The objective of this study was to examine the climatology of tropical storms that impacted the U.S. Virgin Islands from Hurricane Hugo (1989) through Hurricane Lenny (1999).

Extreme storm events, landscape denudation, and carbon sequestration: Typhoon Mindulle, Choshui River, Taiwan

Goldsmith, S. T.; Carey, A. E.; Lyons, W. B.; Kao, S. J.; Lee, T. Y.;
Chen, J. Extreme storm events, landscape denudation, and
carbon sequestration: Typhoon Mindulle, Choshui River, Taiwan.
Geology 2008, 36 (6), 483–486.

We have performed the fi rst known semicontinuous monitoring of particulate organic carbon (POC) fl uxes and dissolved Si concentrations delivered to the ocean during a typhoon. Sampling of the Choshui River in Taiwan during Typhoon Mindulle in 2004 revealed a POC fl ux of 5.00 × 105 t associated with a sediment fl ux of 61 Mt during a 96 h period. The linkage of high amounts of POC with sediment concentrations capable of generating a hyperpycnal plume upon reaching the ocean provides the fi rst known evidence for the rapid delivery and burial of POC from the terrestrial system. These fl uxes, when combined with storm-derived CO2 consumption of 1.65 × 108 mol from silicate weathering, elucidate the important role of these tropical cyclone events on small mountainous rivers as a global sink of CO2.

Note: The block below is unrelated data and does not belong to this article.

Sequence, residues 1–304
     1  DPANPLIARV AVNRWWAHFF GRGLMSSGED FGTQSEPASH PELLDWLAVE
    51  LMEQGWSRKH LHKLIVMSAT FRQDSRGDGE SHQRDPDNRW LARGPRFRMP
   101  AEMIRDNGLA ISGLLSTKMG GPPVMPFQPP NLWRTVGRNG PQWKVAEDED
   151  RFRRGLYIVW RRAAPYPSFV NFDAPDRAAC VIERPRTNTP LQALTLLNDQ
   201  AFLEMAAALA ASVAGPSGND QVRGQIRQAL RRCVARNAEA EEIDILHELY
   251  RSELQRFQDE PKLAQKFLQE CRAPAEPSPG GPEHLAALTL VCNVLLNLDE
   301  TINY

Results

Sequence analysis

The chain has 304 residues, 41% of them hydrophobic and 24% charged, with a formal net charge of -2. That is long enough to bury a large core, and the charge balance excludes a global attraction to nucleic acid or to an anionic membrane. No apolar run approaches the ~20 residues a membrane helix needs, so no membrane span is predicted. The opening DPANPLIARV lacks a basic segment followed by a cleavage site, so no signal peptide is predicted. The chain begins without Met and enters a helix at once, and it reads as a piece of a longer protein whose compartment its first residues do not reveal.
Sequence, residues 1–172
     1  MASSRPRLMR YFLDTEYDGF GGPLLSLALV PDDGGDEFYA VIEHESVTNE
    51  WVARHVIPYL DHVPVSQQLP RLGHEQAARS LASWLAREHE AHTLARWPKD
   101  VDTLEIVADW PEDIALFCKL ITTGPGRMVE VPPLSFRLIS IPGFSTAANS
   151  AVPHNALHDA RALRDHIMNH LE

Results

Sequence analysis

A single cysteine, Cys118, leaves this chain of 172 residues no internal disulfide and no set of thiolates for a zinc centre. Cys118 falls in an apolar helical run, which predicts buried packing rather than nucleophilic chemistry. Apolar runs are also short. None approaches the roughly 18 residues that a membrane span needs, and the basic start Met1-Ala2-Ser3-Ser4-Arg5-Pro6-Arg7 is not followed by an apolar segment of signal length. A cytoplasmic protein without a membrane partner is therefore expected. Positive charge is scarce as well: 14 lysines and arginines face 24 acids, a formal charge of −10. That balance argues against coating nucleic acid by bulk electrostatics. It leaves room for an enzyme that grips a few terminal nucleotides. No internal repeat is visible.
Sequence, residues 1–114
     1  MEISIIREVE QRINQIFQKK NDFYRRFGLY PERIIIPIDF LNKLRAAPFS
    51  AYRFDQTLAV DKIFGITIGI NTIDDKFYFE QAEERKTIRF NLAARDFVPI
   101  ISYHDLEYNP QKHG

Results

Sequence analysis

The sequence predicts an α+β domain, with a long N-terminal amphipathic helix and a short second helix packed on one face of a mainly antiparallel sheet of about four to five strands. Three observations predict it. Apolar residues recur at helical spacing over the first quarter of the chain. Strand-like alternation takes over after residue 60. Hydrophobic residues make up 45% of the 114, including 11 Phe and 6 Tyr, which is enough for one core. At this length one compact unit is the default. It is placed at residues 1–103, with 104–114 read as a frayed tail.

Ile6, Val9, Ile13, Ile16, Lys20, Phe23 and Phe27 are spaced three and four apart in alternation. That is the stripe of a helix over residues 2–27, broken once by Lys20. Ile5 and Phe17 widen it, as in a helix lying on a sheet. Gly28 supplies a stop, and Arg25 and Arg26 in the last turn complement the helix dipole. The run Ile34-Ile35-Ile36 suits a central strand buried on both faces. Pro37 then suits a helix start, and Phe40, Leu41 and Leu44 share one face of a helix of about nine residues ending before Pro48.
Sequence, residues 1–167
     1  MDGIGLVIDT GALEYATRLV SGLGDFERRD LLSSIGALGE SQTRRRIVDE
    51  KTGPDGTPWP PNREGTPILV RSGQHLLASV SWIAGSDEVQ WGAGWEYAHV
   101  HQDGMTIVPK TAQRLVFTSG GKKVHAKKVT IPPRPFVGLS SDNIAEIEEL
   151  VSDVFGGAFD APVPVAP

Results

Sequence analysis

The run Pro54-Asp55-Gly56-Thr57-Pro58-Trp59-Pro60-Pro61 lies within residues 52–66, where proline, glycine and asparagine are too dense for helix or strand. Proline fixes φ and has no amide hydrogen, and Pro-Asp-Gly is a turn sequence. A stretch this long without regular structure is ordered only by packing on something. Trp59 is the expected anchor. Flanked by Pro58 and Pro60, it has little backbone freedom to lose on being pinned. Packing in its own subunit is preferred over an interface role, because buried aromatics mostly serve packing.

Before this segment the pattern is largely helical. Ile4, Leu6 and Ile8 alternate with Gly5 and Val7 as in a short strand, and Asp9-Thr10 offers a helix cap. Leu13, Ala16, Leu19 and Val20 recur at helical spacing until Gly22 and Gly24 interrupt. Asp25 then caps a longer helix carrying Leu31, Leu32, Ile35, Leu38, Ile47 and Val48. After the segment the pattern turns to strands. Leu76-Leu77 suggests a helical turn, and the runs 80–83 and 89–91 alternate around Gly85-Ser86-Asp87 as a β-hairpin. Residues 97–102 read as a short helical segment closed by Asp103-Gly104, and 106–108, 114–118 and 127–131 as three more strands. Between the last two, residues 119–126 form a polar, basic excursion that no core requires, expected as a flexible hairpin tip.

African Droughts and Dust Transport to the Caribbean: Climate Change Implications

Joseph M. Prospero, and
Peter J. Lamb
African Droughts and Dust Transport to the Caribbean: Climate Change Implications
Science 7 November 2003:
Vol. 302 no. 5647 pp. 1024-1027
DOI: 10.1126/science.1089915